The Definitive Guide to Mobile App Design

Definitive Guide to Mobile App Design

The first thing a user sees when downloading an application to their phone is the mobile app design. Whether they will use it depends on how the first acquaintance of the user with the application goes. Perhaps they'll immediately remove it and proceed to study the next candidates. Let's open some of the secrets that we use for mobile web application development from which it is impossible to tear yourself away.

User experience

People use apps to achieve their goals. Therefore, the development of a static application design, in isolation from the process of user interaction with the device, cannot lead to success. Before you start designing an app, you need to think about what actions the user will perform in the application and what result they will get. The development team must go through the following steps:

  1. Formulate use cases or scenarios. The visualization of scenarios for using the application will be a diagram of screens with arrows indicating the transitions between them.
  2. Think over a mobile app design prototype. A useful tip on how to prepare a good design for a mobile application. Instead of thinking about what to display on the application screen, think about what the user will see on the screen. Consider how it will help them achieve their goal. Correct mobile app design and development focuses on working for the convenience of users.
  3. Consider any content in the context of user interaction with the application. In particular, it is important that frequent actions require a minimum of effort on the part of the user. While more infrequent actions may be deeply hidden.

Design chips

In technical and marketing guides, the term User Interface is already quite often replaced by the term User Experience. This indicates the priority of scripts over the content of the application. It is especially important to think over and test the first user experience with the application. This is because it depends on whether the user stays in the application or deletes it after the first seconds of viewing.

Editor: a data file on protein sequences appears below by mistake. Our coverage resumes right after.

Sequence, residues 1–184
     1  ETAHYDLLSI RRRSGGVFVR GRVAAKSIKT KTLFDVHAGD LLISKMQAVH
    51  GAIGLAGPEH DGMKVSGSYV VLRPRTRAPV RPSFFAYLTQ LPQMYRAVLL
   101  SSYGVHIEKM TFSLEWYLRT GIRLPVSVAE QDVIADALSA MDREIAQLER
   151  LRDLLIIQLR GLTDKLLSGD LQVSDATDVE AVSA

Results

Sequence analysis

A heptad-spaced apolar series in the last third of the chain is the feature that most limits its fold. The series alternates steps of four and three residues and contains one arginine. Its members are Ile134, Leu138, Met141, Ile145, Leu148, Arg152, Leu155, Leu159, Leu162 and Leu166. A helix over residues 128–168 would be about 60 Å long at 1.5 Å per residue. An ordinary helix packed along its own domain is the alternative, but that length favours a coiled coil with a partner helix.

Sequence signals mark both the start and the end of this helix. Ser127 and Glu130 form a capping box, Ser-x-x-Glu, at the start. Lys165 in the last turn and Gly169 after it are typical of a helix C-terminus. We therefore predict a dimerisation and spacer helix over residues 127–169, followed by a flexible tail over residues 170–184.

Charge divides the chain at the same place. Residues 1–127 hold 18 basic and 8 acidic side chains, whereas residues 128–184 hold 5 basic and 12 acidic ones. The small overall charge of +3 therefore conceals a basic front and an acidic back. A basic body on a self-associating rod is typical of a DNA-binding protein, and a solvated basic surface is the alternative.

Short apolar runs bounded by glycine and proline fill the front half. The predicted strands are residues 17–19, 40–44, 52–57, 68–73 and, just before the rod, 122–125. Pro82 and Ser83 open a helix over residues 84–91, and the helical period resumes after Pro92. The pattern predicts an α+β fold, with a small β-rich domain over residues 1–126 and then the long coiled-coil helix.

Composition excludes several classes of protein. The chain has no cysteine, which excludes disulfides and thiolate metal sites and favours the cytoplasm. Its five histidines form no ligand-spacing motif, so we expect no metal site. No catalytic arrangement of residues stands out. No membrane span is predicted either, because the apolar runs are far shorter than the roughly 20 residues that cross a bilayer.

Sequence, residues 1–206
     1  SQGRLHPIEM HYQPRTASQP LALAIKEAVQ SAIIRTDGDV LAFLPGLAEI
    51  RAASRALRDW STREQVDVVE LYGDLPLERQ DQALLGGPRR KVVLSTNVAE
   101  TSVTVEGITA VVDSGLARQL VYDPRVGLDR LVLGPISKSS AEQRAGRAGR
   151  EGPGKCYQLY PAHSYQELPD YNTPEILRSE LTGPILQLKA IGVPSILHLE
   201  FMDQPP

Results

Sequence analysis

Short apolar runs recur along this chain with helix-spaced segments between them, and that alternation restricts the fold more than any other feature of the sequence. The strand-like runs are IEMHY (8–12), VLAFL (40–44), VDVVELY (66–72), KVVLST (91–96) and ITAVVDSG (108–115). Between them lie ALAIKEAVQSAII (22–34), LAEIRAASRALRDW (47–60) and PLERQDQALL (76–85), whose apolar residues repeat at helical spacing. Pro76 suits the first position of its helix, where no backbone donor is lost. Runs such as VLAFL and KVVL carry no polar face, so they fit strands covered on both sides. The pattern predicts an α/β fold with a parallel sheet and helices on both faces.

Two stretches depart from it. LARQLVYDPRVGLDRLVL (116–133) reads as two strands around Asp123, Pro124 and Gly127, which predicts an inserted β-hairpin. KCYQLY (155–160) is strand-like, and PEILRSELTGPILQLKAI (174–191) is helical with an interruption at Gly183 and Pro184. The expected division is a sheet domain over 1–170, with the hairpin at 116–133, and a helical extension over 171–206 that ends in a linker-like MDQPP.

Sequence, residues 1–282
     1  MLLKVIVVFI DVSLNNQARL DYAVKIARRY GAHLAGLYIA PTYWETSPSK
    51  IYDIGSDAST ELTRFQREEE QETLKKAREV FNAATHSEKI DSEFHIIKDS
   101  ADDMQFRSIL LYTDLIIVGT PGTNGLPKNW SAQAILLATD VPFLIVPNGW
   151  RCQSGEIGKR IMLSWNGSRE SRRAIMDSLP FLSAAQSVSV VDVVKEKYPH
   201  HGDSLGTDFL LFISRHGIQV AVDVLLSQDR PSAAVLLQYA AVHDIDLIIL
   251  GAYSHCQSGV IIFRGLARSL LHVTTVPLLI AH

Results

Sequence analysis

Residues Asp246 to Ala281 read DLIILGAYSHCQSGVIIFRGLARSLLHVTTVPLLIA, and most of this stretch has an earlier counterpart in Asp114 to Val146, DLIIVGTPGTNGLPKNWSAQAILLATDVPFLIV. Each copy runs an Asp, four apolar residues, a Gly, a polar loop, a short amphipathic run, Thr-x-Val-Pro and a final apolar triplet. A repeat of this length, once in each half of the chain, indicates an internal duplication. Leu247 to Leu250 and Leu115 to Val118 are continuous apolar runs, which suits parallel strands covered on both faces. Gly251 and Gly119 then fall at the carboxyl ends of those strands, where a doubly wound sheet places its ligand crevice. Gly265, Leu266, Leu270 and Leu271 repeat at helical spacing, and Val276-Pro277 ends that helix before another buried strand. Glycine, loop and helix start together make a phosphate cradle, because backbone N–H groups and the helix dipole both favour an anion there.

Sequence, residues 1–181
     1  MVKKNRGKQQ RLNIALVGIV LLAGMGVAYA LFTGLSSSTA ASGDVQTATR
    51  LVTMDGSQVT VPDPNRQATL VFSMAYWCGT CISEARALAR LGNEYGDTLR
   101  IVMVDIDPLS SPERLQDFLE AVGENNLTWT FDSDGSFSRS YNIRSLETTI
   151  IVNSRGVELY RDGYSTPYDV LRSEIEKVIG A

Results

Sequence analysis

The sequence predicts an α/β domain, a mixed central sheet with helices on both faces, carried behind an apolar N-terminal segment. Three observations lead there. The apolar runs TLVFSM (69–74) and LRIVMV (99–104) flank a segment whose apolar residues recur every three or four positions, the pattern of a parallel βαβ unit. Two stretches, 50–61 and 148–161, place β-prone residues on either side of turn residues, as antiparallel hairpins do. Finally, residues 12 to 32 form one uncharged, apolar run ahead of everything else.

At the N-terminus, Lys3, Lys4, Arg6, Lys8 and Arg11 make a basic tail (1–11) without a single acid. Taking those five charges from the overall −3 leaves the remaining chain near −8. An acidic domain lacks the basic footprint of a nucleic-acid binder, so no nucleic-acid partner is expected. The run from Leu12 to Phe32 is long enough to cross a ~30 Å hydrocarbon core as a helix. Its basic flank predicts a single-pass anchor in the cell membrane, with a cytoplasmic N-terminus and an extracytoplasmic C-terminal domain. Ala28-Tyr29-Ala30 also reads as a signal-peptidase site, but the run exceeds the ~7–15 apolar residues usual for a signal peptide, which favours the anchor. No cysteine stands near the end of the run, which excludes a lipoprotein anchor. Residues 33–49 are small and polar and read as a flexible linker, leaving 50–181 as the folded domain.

Well-known templates and icons

In the interface of mobile applications, some well-known interaction patterns have already been formed:

  • Navigation bar or action bar is a bar at the top of the screen that indicates where the user is in the application and what actions they can take.
  • Drawer is a button often found in the upper left corner of the screen. It pulls out the main menu of the program when pressed. A well-known gesture is to slide the menu forward by swiping from left to right and to disappear by swiping back from right to left.
  • Tab Bar is a bar with icons at the bottom of the screen, which switches the user between different sections of the application.

If a user can implement an action using a common pattern, do not neglect it. Known actions are better perceived by the user.

In addition to interaction templates, users are well aware of many icons. For example, Delete, Share, Back. For the convenience of the user, indicate frequent actions using standard icons.

Laconicism and minimalism

Unlike websites designed for a wide-screen computer, mobile applications will most often be used on a mobile phone. According to our statistics, people use mobile apps 80 percent of the time on phones and only 20 percent on tablets.

You should not display all possible information on one screen. Instead, in the context of the user's interaction with the application, determine which information is most important. This should enable the user to make a choice, which can be displayed on a separate detail screen. For example, in the contact list, the main information is the name, but the phone number, address, email are not visible. These only appear when you go to the contact details screen.

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